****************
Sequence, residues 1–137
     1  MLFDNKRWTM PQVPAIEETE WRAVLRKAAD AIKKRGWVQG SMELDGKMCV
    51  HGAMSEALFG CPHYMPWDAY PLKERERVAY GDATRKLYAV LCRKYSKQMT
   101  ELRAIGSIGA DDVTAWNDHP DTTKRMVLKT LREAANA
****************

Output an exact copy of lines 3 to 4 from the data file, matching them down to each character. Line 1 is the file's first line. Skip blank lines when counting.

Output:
    51  HGAMSEALFG CPHYMPWDAY PLKERERVAY GDATRKLYAV LCRKYSKQMT
   101  ELRAIGSIGA DDVTAWNDHP DTTKRMVLKT LREAANA